“Aw, relax, Vee!” Silver rolled her eyes. “I’m the other violin player on this team, and I’m totally down with the whole “fiddle” thing.” Her wings fluttered at her sides as she gave Fiddlesticks a look of admiration. “Have you ever tried playing a Buttercoat Bluie ballad? That crap’s crazy hard!”
“As if I would ever be caught dead playing one of those twangling Barley Denyells songs!”
Octavia shook her head and let herself drop the rest of the way to her hooves. It had been a small miracle when she’d found enough musicians in Ponyville to form an ensemble—let alone string musicians—but how they managed to become friends was utterly beyond even her own powers of speculation. Deep down, she suspected that her own ability to deal with their vast differences stemmed from the practice she’d inadvertently received from living with such a raving
lunatic er . . . raver.
Who was probably, even now, hovering over her deck and spinning disks like a thing possessed.
And, who was probably not even the least bit concerned with the fact that one of Octavia’s own compositions had debuted tonight.
And, who clearly didn’t understand the subtleties of a name like “Shades of Love.”
“Hey! Hey, Tavi!”
A pink hoof landed on her shoulder, and Octavia’s vision was suddenly flooded with the mercury locks of Silver Strings’s mane. The mare’s touch froze her instantly and jerked her back into reality. Silver was smirking at her, and she could see Viola and Fiddlesticks giving her the same look from the other side of the stage.
“Where are you off to in such a hurry?”
Octavia swallowed thickly. When, exactly, had she put her cello away? And when had she made it to the door? “I . . .” she started, raising a hoof. Why, she even had her travel hat on! “Er . . . Home?”
Silver Strings just chuckled. “That eager to get back to the marefriend, huh?” Behind her, Fiddlesticks and Viola giggled into their hooves.
Heat broke out on Octavia’s cheeks. “It’s not like that.” She pushed Silver’s hoof off of her shoulder and cleared her throat. For some reason, her voice had suddenly decided to become rather squeaky. “V-Vinyl’s just my roommate.”
“Uh-huh.” Silver rolled her eyes and leaned back against the wall. “But you are eager to get back to her.”
“Well, I . . .”
She hadn’t been in any particular hurry to get home. At least, Octavia hadn’t planned on immediately rushing off to her house. What was she expecting the rest of her night to consist of, anyway? Grilled asparagus and cheesy romance movies constantly interrupted by violent bursts of dubtrot from the next room?
“Don’t you wanna come down to Mixers with us for a couple rounds?” Silver’s eyes narrowed, but the smile on her face stayed playful.
Octavia’s ears flattened. “O-oh. Well, I suppose—”
“Oh, stop teasing the poor girl, Silver!” Viola trotted around Fiddlesticks and crossed her forelegs. “Honestly! It’s Hearts and Hooves Day. Let her go home if she wants to!”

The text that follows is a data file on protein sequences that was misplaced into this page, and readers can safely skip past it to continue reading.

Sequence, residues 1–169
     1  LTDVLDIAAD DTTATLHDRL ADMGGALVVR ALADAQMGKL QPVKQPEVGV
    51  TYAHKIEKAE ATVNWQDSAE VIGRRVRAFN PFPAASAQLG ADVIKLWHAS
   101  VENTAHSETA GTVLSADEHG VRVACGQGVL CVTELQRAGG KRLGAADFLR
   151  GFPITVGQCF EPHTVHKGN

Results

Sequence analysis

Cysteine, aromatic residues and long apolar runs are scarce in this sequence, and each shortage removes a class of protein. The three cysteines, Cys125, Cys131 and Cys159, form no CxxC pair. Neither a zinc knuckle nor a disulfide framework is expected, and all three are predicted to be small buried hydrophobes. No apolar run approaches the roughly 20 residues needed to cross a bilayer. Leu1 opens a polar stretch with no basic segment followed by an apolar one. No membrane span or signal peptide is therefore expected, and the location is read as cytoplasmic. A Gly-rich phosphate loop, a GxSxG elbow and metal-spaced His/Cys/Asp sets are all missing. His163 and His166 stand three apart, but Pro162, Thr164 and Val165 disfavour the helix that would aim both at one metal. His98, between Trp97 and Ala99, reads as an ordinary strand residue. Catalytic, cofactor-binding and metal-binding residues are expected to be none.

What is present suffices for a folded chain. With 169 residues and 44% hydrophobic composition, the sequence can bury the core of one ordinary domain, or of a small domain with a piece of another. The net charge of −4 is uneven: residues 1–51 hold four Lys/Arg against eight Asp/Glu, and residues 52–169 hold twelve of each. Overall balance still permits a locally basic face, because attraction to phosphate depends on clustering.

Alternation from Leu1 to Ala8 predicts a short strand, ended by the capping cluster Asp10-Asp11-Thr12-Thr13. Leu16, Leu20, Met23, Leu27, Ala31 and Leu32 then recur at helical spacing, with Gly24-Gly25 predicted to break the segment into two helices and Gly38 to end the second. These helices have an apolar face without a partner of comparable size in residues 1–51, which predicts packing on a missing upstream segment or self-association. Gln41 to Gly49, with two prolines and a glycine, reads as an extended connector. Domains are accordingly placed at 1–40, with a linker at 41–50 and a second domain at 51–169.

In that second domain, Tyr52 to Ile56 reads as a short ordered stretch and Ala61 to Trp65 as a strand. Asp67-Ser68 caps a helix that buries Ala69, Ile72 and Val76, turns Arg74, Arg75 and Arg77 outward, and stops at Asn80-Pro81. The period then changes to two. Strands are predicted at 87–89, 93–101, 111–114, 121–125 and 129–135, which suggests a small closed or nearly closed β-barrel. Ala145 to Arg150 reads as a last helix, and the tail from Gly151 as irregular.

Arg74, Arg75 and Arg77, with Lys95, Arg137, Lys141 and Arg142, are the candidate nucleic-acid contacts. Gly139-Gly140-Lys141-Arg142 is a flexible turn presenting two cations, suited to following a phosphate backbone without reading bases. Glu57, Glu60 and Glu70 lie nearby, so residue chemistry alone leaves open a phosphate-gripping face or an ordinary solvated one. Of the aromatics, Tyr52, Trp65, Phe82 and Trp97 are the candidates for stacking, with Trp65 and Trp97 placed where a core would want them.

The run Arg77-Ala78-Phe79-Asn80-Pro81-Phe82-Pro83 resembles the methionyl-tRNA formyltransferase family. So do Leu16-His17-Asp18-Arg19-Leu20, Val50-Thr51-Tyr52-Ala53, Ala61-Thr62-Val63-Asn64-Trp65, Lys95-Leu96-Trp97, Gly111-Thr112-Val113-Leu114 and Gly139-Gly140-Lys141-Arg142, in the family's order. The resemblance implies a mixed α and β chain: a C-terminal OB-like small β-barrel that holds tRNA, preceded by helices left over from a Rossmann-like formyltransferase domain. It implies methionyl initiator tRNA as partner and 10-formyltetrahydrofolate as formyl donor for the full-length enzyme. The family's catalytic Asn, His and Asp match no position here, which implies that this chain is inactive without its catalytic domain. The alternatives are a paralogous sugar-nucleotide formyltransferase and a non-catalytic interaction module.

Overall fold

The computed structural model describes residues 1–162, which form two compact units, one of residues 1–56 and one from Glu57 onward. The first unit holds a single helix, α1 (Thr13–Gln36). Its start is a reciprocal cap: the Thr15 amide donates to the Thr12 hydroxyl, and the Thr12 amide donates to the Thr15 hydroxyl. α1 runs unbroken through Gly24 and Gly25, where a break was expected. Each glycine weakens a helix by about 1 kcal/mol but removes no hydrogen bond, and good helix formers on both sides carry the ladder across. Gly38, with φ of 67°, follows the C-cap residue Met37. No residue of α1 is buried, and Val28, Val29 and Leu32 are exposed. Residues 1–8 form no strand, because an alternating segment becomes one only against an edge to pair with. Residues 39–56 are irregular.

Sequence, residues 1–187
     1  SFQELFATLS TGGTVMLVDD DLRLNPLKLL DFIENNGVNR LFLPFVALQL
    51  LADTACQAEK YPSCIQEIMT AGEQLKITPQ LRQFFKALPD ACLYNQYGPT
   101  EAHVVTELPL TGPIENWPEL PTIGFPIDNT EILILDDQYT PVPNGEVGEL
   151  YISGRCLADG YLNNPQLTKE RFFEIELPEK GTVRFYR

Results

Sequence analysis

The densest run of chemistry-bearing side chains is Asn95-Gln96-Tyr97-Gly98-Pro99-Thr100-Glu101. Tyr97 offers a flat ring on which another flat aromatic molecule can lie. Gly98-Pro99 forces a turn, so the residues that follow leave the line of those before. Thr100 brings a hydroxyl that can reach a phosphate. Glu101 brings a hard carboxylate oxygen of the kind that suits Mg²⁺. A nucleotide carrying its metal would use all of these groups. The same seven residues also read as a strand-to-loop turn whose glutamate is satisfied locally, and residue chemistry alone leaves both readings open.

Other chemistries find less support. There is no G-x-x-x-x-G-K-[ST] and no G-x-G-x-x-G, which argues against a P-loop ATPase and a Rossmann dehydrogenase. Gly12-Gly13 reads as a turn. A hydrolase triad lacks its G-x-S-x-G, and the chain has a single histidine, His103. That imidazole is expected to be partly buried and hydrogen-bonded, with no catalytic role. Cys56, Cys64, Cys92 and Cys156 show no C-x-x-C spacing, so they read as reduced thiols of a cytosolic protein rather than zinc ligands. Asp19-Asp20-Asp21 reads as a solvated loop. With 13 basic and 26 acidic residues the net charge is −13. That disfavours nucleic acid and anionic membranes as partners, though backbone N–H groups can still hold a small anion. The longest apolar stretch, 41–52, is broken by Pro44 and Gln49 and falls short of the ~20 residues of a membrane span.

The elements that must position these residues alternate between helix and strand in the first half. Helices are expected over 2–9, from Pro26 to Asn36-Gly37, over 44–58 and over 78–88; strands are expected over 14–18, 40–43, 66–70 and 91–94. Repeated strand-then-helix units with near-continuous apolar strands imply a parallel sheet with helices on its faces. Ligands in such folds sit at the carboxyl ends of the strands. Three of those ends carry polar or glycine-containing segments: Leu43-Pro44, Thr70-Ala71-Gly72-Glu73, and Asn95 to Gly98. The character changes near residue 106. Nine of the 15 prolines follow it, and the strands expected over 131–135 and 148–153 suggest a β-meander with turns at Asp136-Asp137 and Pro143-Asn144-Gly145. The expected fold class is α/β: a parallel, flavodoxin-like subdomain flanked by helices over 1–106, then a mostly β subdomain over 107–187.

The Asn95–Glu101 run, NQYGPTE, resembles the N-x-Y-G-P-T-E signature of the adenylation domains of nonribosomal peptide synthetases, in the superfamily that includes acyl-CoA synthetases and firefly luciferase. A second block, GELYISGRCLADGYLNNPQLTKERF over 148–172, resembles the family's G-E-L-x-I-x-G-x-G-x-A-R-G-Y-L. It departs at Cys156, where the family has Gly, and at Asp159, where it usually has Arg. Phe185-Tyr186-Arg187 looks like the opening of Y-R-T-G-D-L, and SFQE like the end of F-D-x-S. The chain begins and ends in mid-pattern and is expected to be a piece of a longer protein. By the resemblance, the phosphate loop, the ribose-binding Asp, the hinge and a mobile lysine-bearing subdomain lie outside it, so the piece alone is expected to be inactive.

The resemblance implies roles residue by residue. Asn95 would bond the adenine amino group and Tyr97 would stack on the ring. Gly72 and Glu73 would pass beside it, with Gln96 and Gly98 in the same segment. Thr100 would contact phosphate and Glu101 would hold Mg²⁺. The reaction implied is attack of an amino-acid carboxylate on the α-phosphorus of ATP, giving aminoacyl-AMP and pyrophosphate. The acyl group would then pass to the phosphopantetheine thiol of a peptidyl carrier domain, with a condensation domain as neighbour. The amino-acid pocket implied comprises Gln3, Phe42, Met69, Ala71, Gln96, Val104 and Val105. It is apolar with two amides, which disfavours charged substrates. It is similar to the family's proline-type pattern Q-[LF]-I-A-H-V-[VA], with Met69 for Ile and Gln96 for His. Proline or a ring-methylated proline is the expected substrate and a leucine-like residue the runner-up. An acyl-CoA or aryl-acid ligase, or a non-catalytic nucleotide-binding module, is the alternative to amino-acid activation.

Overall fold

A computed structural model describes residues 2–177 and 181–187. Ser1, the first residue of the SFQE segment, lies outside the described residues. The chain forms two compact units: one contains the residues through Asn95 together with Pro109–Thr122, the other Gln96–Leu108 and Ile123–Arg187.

“Ladies, that’s not exactly what I was planning,” Octavia said, chuckling sheepishly. Naturally, her bandmates didn’t so much as glance her way.
Silver’s wings fluttered. “What? I was just asking if she wanted to hang with us.”
“No, you were sticking your nose where it doesn’t belong!” Viola sniffed. “Again.”
“You want me to stick it somewhere else?”
Fifteen years of classical training was the only thing that kept a snort from jumping out of Octavia’s mouth as Viola’s pupils shrank. Fiddlesticks, though, was nowhere near as restrained—and her peals of laughter only grew louder as a loud smack! reverberated through the room.
“Why, I never!” Viola’s normally blue complexion was rapidly flooding with the same pink of the pegasus she’d just floored. “Silver Strings, you complete boor!”
Blinking wearily, Silver rubbed her cheek with a hoof. “Worth it . . .” she murmured into the floorboards.
“Woah! Did you see that, Bonnie? She could go pro!”
“Which one? I think Silver took that hit pretty well.”
Octavia looked up from the downed mare and saw a mint green unicorn and a palomino earth pony hovering in the doorway behind her. Bon Bon was wearing a rather fetching red dress and had even done up her blue and pink mane for the night. Lyra, whose leg was casually draped over her marefriend’s shoulders, had opted for far simpler attire: sheer nudity.
“Ugh.” Lyra rolled her eyes and shook her head. “Bonnie, you can’t win a prizefight if you’re the only pony getting hit!”
“And you can’t fight a bugbear without taking at least one hit, Ly-Ly,” Bon Bon said, lidding her eyes and patting Lyra’s head. “Victory goes to whoever can take the most punishment.”
Lyra raised an eyebrow. “Punishment, huh? I can get behind that.”
“Hah!” came a laugh from the floor.
“Quiet, you!” Viola huffed.
Octavia sighed and shook her head. Sometimes, she missed the old days—when ponies backstage would pass each other in silence. The dignity and sophistication had often carried with it an air of peaceful harmony. Those ponies wouldn’t possibly behave anything like this!
Of course, that was precisely why she wouldn’t go back for all the tea in Canterlot.
“Hello, you two,” Octavia said with a smile. “Did you enjoy the show?”
“Duh!” Lyra smirked. “That last piece? Total gold, Tavi! Did you write that yourself?”